There’s some intriguing ideas behind Mama, with a look at both the light and dark sides of maternal love. But the interesting ideas and wonderful performances unfortunately get stuck in a rote ghost movie.
Mama has a lot going for it, and it doesn’t waste much of that– produced by Guillermo del Toro and starring Jessica Chastain (who killed in Zero Dark Thirty) and Nikolaj Coster-Waldau (the Kingslayer!), I figured there would be a pedigree of quality on the screen. And there is– this is a movie filled with some big ideas, imaginative and creepy visuals and some truly standout lead performances.
Love is an intriguing thing– we all consider love something pure and good, but it can also lead to obsession, fixation and violence. Mama examines both sides of love, specifically motherly love, as the opposing character arcs of the two surrogate mothers (Chastain’s Annabel and the ghostly Mama) unfold. Mama, of course, represents the obsessed, possessive love, becoming jealous and vengeful that feral children Victoria and Lilly– who had been abandoned to live on their own deep in the woods for five years– have been adopted by their uncle Lucas (Coster-Waldau) and Annie. But it’s Annie’s character arc I found most interesting, as the punk rocker is uncomfortable about even the notion of having kids, let alone two particularly damaged ones. I absolutely identified with Annie’s perspective at the start of the movie, and Chastain is so good that her evolution from wanting nothing to do with the girls, to feeling burdened by them as an obligation, to genuinely loving and trying to protect them, was organic and believable.
Maybe it’s just that her short black hair and ripped band t-shirts play to my personal punk rock sensibilities, but I felt Chastain was amazing here. Coster-Waldau was also great as her boyfriend Lucas, a remarkably decent guy whose own five-year obsession with finding his nieces has left the couple broke. I’m glad little details like that were included, since otherwise Luke might come across as too squeaky clean, too perfect, but Coster-Waldau brings just the right amount of fringe around the edges to make Luke a very realistic, genuinely good guy.
As good as the adoptive parents were, I found the kids to be even better. Victoria and Lilly were amazingly realized, barely able to communicate when they are first discovered. The feral children move like animals, and it’s surprisingly convincing, but what’s even better is each girl evolves into her own unique character. These two are not carbon copies of each other, as Victoria begins to embrace her new life progressively, accepting of her new home (although still haunted). Lilly, meanwhile, is much less comfortable indoors, remaining more animalistic and vulnerable. Both girls are a wonder to watch, and the sequences of them acclimating to our world with the help of Annie and Luke are among the best parts of the movie– so good, I kept asking myself if the ghost story angle was really necessary to keep this compelling.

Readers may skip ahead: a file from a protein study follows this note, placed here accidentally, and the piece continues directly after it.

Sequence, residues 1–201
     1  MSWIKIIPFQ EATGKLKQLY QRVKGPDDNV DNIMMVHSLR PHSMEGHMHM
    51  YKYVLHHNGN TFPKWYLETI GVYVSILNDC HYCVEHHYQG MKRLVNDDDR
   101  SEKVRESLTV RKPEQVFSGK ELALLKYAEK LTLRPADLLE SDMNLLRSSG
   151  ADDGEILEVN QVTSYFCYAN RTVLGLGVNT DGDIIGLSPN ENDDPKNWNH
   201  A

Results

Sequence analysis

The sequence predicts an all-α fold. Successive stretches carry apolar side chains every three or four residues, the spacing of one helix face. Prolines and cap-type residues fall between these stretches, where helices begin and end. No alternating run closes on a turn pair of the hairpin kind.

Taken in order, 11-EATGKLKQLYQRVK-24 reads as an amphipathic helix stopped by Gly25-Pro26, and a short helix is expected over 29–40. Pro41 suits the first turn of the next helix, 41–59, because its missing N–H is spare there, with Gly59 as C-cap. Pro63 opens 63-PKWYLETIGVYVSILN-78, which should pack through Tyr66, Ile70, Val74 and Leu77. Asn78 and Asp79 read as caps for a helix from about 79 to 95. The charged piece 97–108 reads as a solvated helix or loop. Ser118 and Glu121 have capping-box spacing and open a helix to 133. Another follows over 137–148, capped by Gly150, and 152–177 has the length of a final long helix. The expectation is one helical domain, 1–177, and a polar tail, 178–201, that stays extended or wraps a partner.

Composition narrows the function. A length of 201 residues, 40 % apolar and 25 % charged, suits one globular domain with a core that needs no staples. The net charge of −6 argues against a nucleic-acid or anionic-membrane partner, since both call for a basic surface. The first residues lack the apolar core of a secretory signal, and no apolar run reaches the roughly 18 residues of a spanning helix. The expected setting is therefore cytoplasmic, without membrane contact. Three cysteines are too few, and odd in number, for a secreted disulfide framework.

I still don’t have an answer, because the ghost stuff is where the movie gets very conflicted. I loved Mama representing a dark side of love, and her backstory is well-presented, in a series of very stylized black and white, newsreel style scenes. There are ghostly moments early in the film which feel wonderfully iconic– in one such scene, Lilly, framed by a doorway, plays tug of war with someone off screen (presumably Victoria), but her sister then walks up the stairs nearby, proving Mama is Lilly playmate. The design work was equally good, as Mama is a rather disturbing looking creation, but one whose scary design makes contextual sense– there are reasons for Mama’s twisted, crooked frame, her gasping, gurgling moans and, of course, her obsession with the girls.
Having those reasons ground the character design of the creature was excellent… I just wish the ghost story itself could have been as original as everything else in the movie. After a great first half with plenty of atmospheric, ghostly chills and the excellent arc of Annie acclimating the girls, Mama basically falls apart, relying on trope after trope of the classic ghost story to hobble its way to an ending. We’ve seen this situation so many times– characters scramble to discover a deep-buried secret, while they try to set things right and satiate the angry ghost. There’s nothing particularly interesting about the last act of Mama, and I felt it didn’t even measure up to other recent ghost stories like The Orphanage or The Woman in Black.
As the movie approaches its finale, the steps involved are so cliche that even a surprisingly non-cookie cutter ending couldn’t hold a candle to the excellent first half. This, combined with some spotty CGI work that occasionally invalidated the wonderful character effects, made it hard to stay focused on the film from start to finish.
Despite these structural and plot-based drawbacks, Mama is still effectively creepy, and quite compelling, filled with leads you actually care about and some interesting thematic stuff going on. I wish the ghost story angle had been as unique as the rest of this movie, but even as it is, this is a remarkably strong first feature film for director Andrés Muschietti, who’s crafted a quite strong and visually striking (if rote) modern horror film.